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Guidance for the Model User on Representing Human Behavior in Egress Models



Erica D. Kuligowski, Steve Gwynne, Michael Kinsey, Lynn Hulse


Structures are currently designed and constructed in accordance with prescriptive and performance-based (PBD) methodologies to ensure a certain level of safety. The performance-based approach requires the quantification of both ASET (Available Safe Egress Time) and RSET (Required Safe Egress Time) to determine the degree of safety provided. This article focuses on the RSET side of the equation, for which an engineer would use some type of egress modelling approach to estimate evacuation performance. Often, simple engineering equations are applied to estimate the RSET value. Over time, more sophisticated computational tools have appeared. Irrespective of the approach adopted, appropriate and accurate representation of human behavior in fire within these approaches is limited, mainly due to the lack of a comprehensive conceptual model of evacuee decision-making and behavior during fire emergencies. This article initially presents the current overarching theory of human behavior in disasters, as well as a set of behavioral statements, or mini-theories, from various fire studies. Once presented, guidance is provided on how these behavioral statements might be incorporated by the engineer into an evacuation model, in order to represent human behavior in fire within his/her life safety analysis. The intent here is to improve the accuracy of the results produced by performance-based calculations and analyses, via better representation of human behavior in fire.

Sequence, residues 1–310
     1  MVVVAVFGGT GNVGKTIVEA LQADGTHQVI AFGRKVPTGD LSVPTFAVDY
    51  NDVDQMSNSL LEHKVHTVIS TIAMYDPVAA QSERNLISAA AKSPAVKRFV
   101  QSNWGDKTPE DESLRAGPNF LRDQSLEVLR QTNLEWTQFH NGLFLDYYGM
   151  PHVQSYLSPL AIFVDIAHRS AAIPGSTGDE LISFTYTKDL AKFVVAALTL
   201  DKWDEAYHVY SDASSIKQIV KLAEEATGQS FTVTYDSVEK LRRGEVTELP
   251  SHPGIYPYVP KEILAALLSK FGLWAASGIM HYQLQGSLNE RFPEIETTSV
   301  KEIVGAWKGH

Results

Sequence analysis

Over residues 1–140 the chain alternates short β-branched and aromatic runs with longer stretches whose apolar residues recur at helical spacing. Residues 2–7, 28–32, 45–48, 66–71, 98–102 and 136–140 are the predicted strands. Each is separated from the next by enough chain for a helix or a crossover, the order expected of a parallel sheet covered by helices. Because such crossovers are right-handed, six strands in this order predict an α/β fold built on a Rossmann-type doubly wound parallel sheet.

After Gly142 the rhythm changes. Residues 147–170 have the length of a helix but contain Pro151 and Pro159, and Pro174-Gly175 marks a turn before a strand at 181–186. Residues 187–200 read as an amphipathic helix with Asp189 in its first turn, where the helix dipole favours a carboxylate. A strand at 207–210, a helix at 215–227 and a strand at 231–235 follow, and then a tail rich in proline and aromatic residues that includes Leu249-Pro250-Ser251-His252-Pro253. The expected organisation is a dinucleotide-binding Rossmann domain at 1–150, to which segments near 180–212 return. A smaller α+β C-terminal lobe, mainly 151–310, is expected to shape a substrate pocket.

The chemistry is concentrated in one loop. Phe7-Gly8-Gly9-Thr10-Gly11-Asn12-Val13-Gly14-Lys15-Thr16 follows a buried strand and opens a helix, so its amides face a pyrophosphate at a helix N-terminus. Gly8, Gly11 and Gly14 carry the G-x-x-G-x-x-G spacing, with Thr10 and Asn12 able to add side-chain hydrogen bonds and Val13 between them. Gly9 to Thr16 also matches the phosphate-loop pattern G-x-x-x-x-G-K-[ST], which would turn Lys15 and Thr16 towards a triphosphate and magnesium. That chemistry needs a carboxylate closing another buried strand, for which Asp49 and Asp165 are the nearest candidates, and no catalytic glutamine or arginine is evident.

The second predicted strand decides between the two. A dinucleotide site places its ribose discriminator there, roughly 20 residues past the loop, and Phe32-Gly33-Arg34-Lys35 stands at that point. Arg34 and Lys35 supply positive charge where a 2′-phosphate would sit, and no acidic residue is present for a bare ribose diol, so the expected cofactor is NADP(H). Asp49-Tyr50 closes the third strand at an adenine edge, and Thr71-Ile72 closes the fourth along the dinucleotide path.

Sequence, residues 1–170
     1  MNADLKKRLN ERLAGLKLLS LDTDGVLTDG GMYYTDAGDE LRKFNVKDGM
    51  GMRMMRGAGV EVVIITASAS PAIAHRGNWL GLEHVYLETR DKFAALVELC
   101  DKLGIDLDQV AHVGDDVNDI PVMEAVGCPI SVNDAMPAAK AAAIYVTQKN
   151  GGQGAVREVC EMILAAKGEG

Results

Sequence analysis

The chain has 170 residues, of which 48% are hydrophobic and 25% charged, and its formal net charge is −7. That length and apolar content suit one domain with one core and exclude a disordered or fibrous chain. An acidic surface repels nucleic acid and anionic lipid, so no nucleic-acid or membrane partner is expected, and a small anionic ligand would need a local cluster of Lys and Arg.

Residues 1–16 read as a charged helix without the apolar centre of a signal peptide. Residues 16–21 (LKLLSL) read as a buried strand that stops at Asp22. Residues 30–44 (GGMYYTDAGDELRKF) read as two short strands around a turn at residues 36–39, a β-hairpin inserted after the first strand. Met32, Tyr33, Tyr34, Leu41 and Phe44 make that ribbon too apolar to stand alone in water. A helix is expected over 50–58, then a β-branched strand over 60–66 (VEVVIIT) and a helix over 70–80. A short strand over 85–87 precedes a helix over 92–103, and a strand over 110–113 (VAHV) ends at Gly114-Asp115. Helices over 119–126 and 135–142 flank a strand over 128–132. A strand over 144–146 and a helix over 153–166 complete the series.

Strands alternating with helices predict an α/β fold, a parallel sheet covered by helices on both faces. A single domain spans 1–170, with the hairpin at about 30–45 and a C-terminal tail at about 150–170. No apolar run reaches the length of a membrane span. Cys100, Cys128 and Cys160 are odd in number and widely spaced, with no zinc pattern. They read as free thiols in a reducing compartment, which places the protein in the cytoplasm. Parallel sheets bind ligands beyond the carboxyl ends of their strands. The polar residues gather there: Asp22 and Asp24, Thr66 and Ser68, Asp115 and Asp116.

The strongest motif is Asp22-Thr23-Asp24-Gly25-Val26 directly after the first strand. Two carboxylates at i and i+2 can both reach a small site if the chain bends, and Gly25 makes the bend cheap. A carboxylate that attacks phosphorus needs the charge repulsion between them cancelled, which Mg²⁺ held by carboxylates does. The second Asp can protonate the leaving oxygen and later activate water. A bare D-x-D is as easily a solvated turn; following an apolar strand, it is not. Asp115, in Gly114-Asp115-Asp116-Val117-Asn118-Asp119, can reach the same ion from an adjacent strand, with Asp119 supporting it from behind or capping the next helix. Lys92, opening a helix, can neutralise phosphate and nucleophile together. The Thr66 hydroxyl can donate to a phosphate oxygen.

Fire Technology


human behavior, fire, egress modeling, performance-based design


Kuligowski, E. , Gwynne, S. , Kinsey, M. and Hulse, L. (2016), Guidance for the Model User on Representing Human Behavior in Egress Models, Fire Technology, [online], (Accessed April 24, 2024)
Created May 24, 2016, Updated June 2, 2021